An Odd Cross to Bear: A Biography of Ruth Bell Graham

Written by Anne Blue Wills Reviewed By Karin Spiecker Stetina

In her biography Ruth, a Portrait: The Story of Ruth Bell Graham, author and family friend Patricia Cornwell shares Ruth’s words about the tension of her fame: “It’s an odd kind of cross to bear. Yet those who have not been through it would consider it some kind of glory” (p. 133). Anne Blue Wills draws on this quote as the title for her new biography on the well-known wife of evangelist Billy Graham, seeking to flesh out her picture from the lens of an academic interested in gender issues. This work comes on the heels of her former professor Grant Wacker’s biography One Soul at a Time: The Story of Billy Graham (Grand Rapids: Eerdmans, 2019). As a student, Wills was encouraged by Wacker to write a gender perspective conference paper on Billy Graham and his relationship with Ruth. Her biography, which emerges out of that essay, argues that as an ultrafeminine, ultracapable woman, Ruth helped to strengthen her husband’s manly image. Ruth Bell Graham, the wife of the “people’s pastor” Billy Graham for more than 60 years, has long been revered by white evangelical women. This new biography presents her as the epitome of the twentieth-century white evangelical woman with all of its nuances and complexities.

Anne Blue Wills (PhD, Duke University) is professor and the chair of religious studies at Davidson College and an expert in American religion, culture, and 19th-century women’s religious activism. In her article published in Fides et historia in 2017, “Heroes, Women, Wives: Writing other Lives,” she reflects on Ruth Graham as a case study for scholars writing women’s history. She also co-edited Billy Graham: American Pilgrim, published by Oxford University Press (2017), making her well-suited to give a more nuanced, feminist perspective on the significant evangelical woman, Ruth Bell Graham.

This well-researched biography, which relies heavily on Ruth’s published poetry, articles, TV appearances, and Nelson Bell’s correspondence, took Wills ten years to write. While she did not have access, like Cornwell, to Graham’s letters and journals, she interviewed two of Graham’s five children, Gigi and Bunny. In addition, she painstakingly researched Ruth’s life from her childhood in China as the daughter of Southern Presbyterian missionary parents to her burial next to her husband on the grounds of the Billy Graham Library in Charlotte, North Carolina. As she explains in her “Note on Sources,” Wills also makes use of feminist and gender research, such as Margaret Lamberts Bendroth’s Fundamentalism and Gender: 1875 to the Present (New Haven: Yale University Press, 1993). In eight chapters, she paints a picture of Ruth as a woman who “devised her own ethic of Christian womanhood, characterized by ‘adjusting’ to Bill.” She effectively argues, “in doing so, she helped bring his preaching to the world” (p. 8). In a loosely chronological narrative, Wills covers the various periods of Graham’s life: her experience as a missionary daughter and student years at Wheaton College (chs. 1–2), her marriage and early years of ministry with Billy (ch. 3), her role as homemaker and Christian mother (chs. 4–5), and her later decades, devoted to writing and caring for prodigals such as former televangelist Jim Bakker (chs. 6–8).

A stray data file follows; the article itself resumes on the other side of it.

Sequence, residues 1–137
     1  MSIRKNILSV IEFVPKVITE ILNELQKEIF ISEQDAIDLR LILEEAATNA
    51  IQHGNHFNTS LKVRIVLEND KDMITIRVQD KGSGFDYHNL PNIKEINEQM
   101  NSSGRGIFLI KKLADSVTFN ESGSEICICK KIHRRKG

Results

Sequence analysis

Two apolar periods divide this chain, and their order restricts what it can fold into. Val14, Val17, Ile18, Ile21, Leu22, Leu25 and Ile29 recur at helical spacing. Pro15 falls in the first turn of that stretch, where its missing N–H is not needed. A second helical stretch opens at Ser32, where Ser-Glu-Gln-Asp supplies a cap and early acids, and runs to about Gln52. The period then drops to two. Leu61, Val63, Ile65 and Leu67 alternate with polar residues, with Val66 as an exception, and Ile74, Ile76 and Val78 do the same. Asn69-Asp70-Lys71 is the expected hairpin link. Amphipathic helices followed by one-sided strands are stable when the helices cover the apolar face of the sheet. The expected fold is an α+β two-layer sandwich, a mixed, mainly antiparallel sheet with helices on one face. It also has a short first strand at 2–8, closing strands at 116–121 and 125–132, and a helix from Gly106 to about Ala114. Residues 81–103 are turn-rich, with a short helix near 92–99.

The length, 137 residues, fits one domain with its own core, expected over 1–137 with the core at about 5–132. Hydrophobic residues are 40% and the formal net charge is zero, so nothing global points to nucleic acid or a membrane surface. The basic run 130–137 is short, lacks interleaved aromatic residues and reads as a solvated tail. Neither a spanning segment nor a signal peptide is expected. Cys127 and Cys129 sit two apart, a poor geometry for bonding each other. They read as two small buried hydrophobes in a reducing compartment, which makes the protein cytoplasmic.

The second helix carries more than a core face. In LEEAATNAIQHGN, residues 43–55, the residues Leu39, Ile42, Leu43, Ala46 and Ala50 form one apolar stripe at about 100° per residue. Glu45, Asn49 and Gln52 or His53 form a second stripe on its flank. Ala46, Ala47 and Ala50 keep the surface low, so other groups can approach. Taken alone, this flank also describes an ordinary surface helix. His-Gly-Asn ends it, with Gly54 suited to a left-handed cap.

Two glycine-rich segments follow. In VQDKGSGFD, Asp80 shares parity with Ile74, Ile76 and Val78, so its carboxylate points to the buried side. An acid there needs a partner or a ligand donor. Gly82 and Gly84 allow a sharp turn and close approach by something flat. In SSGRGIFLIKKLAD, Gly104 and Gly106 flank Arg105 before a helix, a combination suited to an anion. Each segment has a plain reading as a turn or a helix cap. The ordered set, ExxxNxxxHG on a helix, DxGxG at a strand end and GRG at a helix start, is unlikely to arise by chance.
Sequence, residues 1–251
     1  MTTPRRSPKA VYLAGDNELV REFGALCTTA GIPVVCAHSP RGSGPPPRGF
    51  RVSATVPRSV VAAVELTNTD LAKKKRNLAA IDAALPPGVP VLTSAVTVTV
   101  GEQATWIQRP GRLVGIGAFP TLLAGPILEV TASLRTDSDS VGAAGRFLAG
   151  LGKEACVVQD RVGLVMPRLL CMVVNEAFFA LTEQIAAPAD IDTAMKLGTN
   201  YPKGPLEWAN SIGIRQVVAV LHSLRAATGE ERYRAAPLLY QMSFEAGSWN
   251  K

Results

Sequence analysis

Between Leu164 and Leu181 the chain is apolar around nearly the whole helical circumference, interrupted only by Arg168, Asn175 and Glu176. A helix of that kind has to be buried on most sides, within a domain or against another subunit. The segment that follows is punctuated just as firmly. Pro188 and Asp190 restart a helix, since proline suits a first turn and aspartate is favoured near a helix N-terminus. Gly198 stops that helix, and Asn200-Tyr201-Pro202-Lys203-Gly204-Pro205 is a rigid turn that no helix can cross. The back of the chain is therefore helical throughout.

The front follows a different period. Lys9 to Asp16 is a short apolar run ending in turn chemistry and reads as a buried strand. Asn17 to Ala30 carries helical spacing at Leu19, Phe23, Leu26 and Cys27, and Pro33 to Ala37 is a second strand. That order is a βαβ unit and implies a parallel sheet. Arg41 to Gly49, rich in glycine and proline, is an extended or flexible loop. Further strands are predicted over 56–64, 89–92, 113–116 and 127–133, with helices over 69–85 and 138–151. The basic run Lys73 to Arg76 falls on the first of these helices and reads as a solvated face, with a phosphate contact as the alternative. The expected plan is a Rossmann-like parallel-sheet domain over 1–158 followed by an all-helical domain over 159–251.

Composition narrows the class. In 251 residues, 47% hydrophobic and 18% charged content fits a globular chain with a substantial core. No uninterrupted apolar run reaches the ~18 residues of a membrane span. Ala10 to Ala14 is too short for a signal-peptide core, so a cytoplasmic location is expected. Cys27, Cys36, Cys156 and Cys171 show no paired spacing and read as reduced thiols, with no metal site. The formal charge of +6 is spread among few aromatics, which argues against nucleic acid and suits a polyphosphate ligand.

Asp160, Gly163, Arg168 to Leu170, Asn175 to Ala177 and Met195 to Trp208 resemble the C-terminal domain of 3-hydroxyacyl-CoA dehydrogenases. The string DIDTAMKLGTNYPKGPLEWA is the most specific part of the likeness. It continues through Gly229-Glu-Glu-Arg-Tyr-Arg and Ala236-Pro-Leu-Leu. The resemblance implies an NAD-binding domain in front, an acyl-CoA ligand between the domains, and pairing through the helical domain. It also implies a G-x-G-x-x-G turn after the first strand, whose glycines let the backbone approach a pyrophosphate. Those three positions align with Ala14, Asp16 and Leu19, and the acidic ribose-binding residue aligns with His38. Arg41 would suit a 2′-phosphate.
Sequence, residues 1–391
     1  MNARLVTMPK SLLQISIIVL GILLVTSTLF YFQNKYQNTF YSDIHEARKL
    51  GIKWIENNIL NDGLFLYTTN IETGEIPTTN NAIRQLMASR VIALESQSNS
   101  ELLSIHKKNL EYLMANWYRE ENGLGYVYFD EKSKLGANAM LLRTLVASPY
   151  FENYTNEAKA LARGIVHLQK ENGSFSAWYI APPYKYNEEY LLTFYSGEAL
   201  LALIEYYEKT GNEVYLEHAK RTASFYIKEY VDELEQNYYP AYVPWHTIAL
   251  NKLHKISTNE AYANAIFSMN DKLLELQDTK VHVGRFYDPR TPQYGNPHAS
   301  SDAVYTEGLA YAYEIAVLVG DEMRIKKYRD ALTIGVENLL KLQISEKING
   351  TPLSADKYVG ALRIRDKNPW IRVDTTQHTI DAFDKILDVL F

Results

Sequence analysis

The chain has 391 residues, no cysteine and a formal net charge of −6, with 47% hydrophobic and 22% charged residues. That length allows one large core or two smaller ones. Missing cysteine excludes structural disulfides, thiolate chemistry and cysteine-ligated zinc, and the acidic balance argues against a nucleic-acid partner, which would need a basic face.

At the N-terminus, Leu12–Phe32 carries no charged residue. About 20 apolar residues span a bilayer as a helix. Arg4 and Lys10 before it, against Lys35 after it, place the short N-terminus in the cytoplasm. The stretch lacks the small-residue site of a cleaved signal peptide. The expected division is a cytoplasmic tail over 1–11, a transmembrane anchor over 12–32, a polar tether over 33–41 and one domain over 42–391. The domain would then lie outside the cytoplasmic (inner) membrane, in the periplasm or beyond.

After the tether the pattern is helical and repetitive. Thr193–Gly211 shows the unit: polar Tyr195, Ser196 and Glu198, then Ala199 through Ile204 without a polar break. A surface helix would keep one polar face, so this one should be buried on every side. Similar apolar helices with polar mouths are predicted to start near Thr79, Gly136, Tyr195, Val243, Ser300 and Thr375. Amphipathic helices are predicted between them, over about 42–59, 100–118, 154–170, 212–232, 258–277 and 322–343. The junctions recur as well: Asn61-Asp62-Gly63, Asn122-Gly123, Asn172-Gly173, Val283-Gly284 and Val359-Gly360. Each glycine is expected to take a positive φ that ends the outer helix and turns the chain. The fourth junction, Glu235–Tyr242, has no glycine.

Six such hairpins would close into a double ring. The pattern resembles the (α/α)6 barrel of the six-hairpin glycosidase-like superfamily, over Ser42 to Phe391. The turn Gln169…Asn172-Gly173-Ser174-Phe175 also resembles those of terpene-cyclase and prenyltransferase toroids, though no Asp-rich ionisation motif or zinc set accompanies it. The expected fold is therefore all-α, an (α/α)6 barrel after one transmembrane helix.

In her critical yet appreciative examination of Ruth’s life, Wills asserts that Ruth was more than Billy Graham’s wife. She was a complicated woman who spurned second-wave feminism while still maintaining her independence; who supported the death penalty while befriending an inmate on death row; who shunned the limelight and fiercely protected her family while publicly supporting her husband’s successful career as an evangelist. Wills establishes a nuanced picture of Ruth as having achieved a balance of gratitude and acceptance, submission and strength. At times this work focuses on details rather than on Ruth herself, such as the log cabin in Montreat, North Carolina, or her children’s marriages– understandable divergences, given that the author did not have access to Ruth herself or her personal writings. The author holds Ruth Bell Graham in high regard without making her out to be a flawless hero, as biographers often do. For instance, Wills points out how Graham was a woman of her context and generation in terms of perspectives on race and white privilege, her law-and-order view of the world, and her not taking an active public stand for women. Yet, the author still recognizes Ruth’s value in accomplishing what she most famously set out to do–evangelize the world for Jesus Christ. Not only would there have been no Billy without Ruth, according to Wills, but evangelical women would not have had the powerful example of a woman who chose to “embrace the role as background player” (p. 146).

The feminist historian aptly argues that for better or for worse, Ruth used her agency to partner with her husband. This book is well-suited for those interested in American evangelicalism, Billy and Ruth Graham, Ruth’s poetry, and the role women have played in American evangelical culture. For someone looking for an intimate look into Ruth and Billy’s relationship or a biographical novel about Ruth, this may not be the best choice, as the author situates this work in the academic gender studies category of biographies.

Karin Spiecker Stetina

Karin Spiecker Stetina
Talbot School of Theology
La Mirada, California, USA

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